Paltry state investment in higher education could strain the budgets of public colleges and universities this year, with small schools bearing the brunt, Moody’s Investors Service said. The warning arrives after a report showed state funding for public higher education increased by 1.6 percent for the fiscal year ending June 2018, the lowest annual growth in the past five years.
San Francisco will retroactively apply California's new marijuana legalization laws to prior convictions, expunging or reducing misdemeanor and felony convictions dating back to 1975. Nearly 5,000 felony marijuana convictions will be reviewed, recalled and resentenced, and more than 3,000 misdemeanors that were sentenced prior to Proposition 64's passage will be dismissed and sealed.
When President Donald Trump called for a $1.5 trillion infrastructure investment in his State of the Union address, he didn’t pledge that the federal government actually would provide that much money for roads, bridges, rail and waterways. His plan counts on state and local governments working with private investors to come up with much of the cash.
West Virginia lawmakers got their first glimpse at Republican Gov. Jim Justice’s legislation to combat the opioid epidemic, giving the bill high marks but cautioning that it could penalize honest doctors. The bill, which aims to reduce the number of pain pills prescribed, would allow medical licensing boards to more quickly suspend doctors if their prescriptions appear “abnormal or unusual.”
Rattled by sexual harassment allegations that ended the career of a powerful lawmaker and exposed a state capital culture that harbored abusers, a Florida Senate committee unanimously passed a bill to make sexual harassment in government offices a crime.
New Hampshire is seeking a federal waiver that would allow the state to require some able-bodied Medicaid participants to work 20 to 30 hours a week. In the meantime, Republican state Rep. Neal Kurk is proposing to implement the same requirements in other programs, such as food stamps.
The bill backed by the Senate would require Washington insurers that offer maternity care to also cover elective abortions and contraception. The bill also would require health plans issued or renewed after Jan. 1, 2019, to provide copayment- and deductible-free coverage for all contraceptive drugs and devices. The measure now heads to the House, where it passed in previous years.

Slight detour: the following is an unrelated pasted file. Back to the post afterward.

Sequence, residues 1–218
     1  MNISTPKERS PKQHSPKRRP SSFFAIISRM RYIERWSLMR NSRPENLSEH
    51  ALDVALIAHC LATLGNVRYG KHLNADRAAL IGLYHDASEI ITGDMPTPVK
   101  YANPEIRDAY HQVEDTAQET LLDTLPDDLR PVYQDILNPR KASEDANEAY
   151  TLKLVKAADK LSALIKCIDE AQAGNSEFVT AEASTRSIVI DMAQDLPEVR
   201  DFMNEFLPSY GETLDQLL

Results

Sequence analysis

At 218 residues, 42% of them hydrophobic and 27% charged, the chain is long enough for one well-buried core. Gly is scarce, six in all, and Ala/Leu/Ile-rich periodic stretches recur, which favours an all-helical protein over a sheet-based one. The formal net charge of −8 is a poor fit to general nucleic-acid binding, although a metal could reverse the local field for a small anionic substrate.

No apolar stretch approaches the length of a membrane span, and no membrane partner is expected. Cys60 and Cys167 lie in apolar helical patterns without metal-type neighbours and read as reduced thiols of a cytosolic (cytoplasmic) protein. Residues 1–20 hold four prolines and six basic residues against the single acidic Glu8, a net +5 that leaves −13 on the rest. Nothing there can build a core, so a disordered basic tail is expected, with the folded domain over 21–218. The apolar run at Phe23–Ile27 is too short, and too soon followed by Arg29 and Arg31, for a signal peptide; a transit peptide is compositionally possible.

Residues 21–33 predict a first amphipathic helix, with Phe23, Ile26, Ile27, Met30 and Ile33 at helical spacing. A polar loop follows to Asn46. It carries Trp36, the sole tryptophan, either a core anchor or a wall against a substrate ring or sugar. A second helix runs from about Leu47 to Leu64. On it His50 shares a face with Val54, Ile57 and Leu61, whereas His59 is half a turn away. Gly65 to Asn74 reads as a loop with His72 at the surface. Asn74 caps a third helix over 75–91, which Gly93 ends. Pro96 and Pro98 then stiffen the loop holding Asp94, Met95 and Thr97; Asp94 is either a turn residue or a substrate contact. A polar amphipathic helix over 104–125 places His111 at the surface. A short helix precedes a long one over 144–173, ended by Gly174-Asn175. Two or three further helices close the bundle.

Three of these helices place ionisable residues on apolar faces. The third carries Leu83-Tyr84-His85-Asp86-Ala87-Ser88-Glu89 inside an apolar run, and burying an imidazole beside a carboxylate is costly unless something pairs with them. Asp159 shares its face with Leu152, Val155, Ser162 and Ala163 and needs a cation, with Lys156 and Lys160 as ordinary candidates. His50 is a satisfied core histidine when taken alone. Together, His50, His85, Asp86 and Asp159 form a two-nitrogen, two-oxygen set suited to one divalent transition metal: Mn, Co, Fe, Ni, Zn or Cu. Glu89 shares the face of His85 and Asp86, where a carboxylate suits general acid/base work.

In contrast to recent years when the budget bill got bogged down in partisan disagreements, the New Mexico House approved a state spending bill after less than an hour of debate. The measure would use an oil-driven uptick in revenue to boost state spending by about $249 million — or roughly 4.1 percent — over current levels.
Despite concerns it could send the wrong message, the Utah Senate approved a bill ending the state’s 90-day waiting period for divorce. Sen. Todd Weiler, the Republican who sponsored the bill, said he’s seen no evidence that the waiting period changes minds about seeking a divorce.
Gov. Dannel Malloy, a Democrat, will ask legislators this year to establish electronic tolling on Connecticut highways by mid-2022 and to phase in a 7-cent gasoline tax hike to help avert insolvency in the transportation program and fund a major, 30-year rebuilding initiative.
A bill approved by the Indiana Senate would require schools to obtain written permission from parents or guardians before teaching students about human sexuality, including “sexual activity, sexual orientation or gender identity.”
The decision stemmed from allegations that the shop, Frozen Budz, falsified records, sold untested products to consumers and sold edibles that had no THC at all. In 2016, Frozen Budz was the first marijuana shop in Alaska to be approved by the state marijuana board.
The death penalty wouldn't apply to people found to have suffered symptoms of mental illness at the time they committed a crime under a proposal advanced in the South Dakota Statehouse.